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Whatís Your Name?
August 29 and 30, 1998

LUKE 13:10-17

What was the name of the woman Jesus healed in the Scripture lesson read today? Do you recall hearing her name? No, she didnít have a name. She was nameless, except for what they probably called her. When she walked down the street, practically creeping, body bent, eyes attempting to lift up from the ground, evidently they didnít say, "Here comes Mary," or "Look, itís Elizabeth." They said, "Here comes the bent over woman, the cripple." The name they gave her was her life, her destiny, her whole sad fate.

Nowadays we try to be kinder and use names such as persons with disabilities, persons with special needs, hearing impaired. In Chrysalis, participants are divided into table groups, and each table chooses a name. At the Boysí Chrysalis last weekend, one of the tables invented the name, "Spiritually Challenged." Their logo was a cross on a wheelchair. However, at the end of the weekend, one of the boys said, "We are no longer spiritually challenged!" Amen.

When our youngest son, Craig, was three-years-old, his mother couldnít find him. She ran frantically across the street to the shopping center. There she saw a woman holding Craig by the hand. The woman asked, "Are you Mrs. Baker?" When she asked Craig his name, she thought he said, "Baby Baker," but actually he was saying, "Baby Pickle." When asked his name, he would say, "My name is Baby Pickle, but they call me Craig."

Rarely do we choose our names, and some names by which we are called are not kind. Names like Stupid, Fatso, Hunchback, Dysfunctional, Addict, Drunk, Dummy, Retard are names that hurt. The woman in the Bible story, the bent over woman, carried a burden, her deformity, the burden of being different, the burden of not looking like everyone else, the burden of not being able to do what everyone else did.

Even the religious leaders treated her with indifference. How upset they were when Jesus healed her, because he violated what they considered holy Sabbath laws. To them, she was less important than their precious rules, procedures, codes, laws.

But, then she met Jesus. Jesus called her over. Jesus didnít call her Bent or Crooked or Crippled. Jesus called her, "Woman," which was a common, polite name, like we might say, "Maíam." Jesus laid his hands on her and said, "Woman, you are set free from your ailment." Immediately she stood up straight and began praising God.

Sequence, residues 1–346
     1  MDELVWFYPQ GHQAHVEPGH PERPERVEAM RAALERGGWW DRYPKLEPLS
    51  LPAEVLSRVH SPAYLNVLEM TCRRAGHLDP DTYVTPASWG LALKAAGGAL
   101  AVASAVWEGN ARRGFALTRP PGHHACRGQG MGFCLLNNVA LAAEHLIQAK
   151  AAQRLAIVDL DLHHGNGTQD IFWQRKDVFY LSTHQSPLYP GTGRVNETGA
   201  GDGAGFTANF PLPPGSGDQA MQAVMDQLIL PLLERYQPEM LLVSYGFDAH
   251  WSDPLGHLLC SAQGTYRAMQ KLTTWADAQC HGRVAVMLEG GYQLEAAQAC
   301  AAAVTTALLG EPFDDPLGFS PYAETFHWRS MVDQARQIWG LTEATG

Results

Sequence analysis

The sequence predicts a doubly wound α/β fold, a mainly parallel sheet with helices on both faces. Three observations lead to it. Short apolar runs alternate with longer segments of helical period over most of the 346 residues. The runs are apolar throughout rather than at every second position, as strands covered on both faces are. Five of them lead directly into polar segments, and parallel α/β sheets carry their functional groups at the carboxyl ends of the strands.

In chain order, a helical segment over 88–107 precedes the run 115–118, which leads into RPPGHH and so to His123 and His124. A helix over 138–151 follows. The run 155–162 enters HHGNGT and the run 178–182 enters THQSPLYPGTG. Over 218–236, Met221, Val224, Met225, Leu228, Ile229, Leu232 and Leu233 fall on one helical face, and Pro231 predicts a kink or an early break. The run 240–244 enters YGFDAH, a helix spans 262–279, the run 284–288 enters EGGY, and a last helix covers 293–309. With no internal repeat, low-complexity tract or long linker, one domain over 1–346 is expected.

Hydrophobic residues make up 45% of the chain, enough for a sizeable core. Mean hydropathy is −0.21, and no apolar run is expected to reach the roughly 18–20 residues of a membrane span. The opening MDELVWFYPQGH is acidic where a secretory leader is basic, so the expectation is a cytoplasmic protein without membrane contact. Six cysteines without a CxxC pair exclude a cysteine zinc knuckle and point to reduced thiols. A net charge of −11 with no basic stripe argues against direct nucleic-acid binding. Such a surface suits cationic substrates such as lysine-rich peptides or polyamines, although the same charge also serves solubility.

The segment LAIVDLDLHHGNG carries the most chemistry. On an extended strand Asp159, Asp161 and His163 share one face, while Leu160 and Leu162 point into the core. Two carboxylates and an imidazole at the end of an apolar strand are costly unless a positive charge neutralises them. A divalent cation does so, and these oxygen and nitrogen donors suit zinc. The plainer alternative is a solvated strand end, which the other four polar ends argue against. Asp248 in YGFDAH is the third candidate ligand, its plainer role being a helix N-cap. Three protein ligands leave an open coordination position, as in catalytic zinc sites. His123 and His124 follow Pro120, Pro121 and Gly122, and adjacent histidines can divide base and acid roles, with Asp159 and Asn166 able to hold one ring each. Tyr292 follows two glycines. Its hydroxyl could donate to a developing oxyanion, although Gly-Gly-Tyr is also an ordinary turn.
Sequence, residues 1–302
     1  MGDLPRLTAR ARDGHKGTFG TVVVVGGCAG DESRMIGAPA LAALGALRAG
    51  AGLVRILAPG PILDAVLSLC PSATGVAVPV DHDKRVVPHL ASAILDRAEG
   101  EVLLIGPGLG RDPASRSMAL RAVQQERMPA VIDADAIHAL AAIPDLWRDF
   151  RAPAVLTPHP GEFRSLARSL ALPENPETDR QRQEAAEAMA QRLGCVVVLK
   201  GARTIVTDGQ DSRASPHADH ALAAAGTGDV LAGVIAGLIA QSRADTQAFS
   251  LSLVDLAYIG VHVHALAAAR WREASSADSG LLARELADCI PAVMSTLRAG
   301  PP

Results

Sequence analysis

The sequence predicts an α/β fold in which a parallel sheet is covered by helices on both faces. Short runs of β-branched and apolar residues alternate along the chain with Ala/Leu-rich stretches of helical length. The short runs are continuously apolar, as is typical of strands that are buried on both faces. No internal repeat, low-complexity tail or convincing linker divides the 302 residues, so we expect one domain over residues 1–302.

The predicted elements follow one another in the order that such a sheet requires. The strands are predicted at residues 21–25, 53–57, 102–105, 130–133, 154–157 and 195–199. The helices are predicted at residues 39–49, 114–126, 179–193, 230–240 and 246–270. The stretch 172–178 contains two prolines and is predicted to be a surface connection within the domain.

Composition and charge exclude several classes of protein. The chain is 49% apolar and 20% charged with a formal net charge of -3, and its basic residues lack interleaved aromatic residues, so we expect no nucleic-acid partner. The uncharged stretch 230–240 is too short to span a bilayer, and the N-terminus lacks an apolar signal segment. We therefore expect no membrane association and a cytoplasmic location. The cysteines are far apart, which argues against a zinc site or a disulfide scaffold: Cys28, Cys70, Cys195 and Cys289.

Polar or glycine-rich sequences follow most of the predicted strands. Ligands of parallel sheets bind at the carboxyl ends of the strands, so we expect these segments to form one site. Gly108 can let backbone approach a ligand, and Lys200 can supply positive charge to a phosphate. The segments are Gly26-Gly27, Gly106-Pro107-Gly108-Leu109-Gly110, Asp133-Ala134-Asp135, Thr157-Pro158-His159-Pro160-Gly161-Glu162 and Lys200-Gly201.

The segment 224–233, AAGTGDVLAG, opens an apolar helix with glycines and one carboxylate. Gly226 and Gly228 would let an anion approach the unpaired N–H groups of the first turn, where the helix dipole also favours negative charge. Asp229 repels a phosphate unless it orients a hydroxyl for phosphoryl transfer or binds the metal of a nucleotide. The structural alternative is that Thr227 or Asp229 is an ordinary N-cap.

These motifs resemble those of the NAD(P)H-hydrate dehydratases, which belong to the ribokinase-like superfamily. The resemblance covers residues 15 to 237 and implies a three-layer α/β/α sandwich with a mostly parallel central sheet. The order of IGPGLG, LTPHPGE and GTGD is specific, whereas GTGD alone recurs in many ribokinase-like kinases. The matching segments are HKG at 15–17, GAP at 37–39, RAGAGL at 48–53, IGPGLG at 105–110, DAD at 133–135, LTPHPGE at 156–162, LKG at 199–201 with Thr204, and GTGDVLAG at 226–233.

Then, Jesus changed her name. No longer is she called bent, disabled, crippled, or a victim. Jesus called her a "daughter of Abraham." Not Abraham Lincoln, but the Abraham who was the great, great, great (etc.) grandfather of Israel. Abraham, the one to whom, one starry night, a promise was given. God promised to make a great nation out of Abraham, a nation through which all the nations of the earth would be blessed. The woman is a daughter of Abraham, an heir to the blessings of God, and she is now called to be a blessing to the whole world. She is no longer a victim of cruel, limiting labeling. She is now part of Godís plan of salvation for the whole world.

Whatís your name? What names have been given to you that hurt, names that define your identity, names that hold you back, names that form your relationships with other people, names like Fatty, Dumb, Addict, Bungler, Failure. Let me tell you, and let yourself hear me: Jesus changes your name!

Fred Craddock, one of the distinguished preachers of our day, tells of meeting a man one day in a restaurant.

"Preacher, Iíll tell you a story. There was once a little boy who grew up sad. Life was tough because my mama had me but she had never been married. Do you know how a small Tennessee town treats people like that? Do you know the words they use to name kids that donít have no father?

"Well, we never went to church, nobody asked us. But for some reason or other, we went to church one night when they was having a revival. They had a big, tall preacher visiting to do the revival and he was all dressed in black. He had a thunderous voice that shook the little church.

"We sat toward the back, Mama and me. Well, that preacher got to preaching, about what I donít know, stalking up and down the aisle of that little church preaching. It was something.

"After the service, we were slipping out the back door when I felt that big preacherís hand on my shoulder. I was scared. He looked way down at me, looked me in the eye and said, ĎBoy, whoís youíre Daddy?í

"I didnít have no Daddy. Thatís what I told him in trembling voice, ĎI ainít got no Daddy.í